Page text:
“A Hidden Life” Preaches a Profound Gospel in Few Words Podcast by John Stonestreet and Maria Baer for Break Point
A substantial part of Terrence Malick’s latest movie “A Hidden Life” takes place in a German prison where the film’s protagonist, a real historical figure now considered a Catholic saint, Franz Jägerstätter, is being held in prison for refusing to swear a loyalty oath to Hitler. As he mills about the prison courtyard with his fellow inmates, two words loom large on the stone wall that fences them in: “Sprechen Verboten.” Speaking prohibited.
Rod Dreher, senior editor at the American Conservative, has called “A Hidden Life,” “the best evocation of the gospel ever put to film.” That’s a serious claim to make. And I might agree.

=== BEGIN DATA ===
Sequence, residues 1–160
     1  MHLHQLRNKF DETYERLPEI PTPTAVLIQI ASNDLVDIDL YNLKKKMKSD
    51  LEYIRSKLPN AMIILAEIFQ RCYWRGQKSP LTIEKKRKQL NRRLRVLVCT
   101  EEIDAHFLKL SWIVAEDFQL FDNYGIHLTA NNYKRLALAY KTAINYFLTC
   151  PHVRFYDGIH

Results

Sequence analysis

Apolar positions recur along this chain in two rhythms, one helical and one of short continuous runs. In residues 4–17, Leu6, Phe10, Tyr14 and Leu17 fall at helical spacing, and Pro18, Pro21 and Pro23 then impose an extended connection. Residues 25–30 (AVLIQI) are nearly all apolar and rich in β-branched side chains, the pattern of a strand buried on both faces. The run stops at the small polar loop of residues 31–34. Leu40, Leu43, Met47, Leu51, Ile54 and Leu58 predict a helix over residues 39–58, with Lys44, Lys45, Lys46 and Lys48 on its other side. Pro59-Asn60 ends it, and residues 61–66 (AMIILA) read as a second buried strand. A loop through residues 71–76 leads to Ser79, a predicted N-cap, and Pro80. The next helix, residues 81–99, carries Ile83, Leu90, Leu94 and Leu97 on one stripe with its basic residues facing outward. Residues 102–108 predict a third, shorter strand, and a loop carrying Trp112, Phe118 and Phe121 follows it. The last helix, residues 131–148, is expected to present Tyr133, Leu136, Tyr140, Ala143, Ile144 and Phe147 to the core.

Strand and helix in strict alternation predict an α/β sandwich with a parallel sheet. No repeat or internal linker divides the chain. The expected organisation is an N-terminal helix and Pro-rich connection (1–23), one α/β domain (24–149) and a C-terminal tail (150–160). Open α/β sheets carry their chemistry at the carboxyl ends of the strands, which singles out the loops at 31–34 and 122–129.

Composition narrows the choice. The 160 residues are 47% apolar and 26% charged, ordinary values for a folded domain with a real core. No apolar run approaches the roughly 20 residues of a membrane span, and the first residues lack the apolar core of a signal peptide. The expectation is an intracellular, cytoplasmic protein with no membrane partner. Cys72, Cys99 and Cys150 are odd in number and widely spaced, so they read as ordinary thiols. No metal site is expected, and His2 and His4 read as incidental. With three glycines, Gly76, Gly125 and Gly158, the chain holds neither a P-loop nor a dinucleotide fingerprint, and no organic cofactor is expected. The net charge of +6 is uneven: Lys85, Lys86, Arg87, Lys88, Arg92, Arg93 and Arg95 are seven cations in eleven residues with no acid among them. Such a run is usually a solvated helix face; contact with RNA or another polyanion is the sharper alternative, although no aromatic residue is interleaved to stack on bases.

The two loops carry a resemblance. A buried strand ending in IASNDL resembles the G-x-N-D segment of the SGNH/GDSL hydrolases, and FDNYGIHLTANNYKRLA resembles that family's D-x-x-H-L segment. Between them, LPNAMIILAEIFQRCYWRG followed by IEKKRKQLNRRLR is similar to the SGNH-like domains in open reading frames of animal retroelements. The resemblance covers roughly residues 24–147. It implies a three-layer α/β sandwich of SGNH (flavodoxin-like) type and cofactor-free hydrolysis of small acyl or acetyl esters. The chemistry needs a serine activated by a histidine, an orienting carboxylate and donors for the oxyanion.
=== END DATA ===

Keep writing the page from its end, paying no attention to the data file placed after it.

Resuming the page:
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Malick, a director known for transportive cinematography, takes viewers into the remote Austrian village of St. Radegund in the early 1940s. There, Franz, his wife Fani, and their three small daughters, faithfully farm their land and faithfully attend the local Catholic Church. When Franz hears about Hitler’s conquests, he begins to worry. His worst fears are realized when he’s called up for military service but refuses to swear the required oath to the Führer. Ultimately, Franz Jägerstätter was imprisoned, tortured, and ultimately, executed.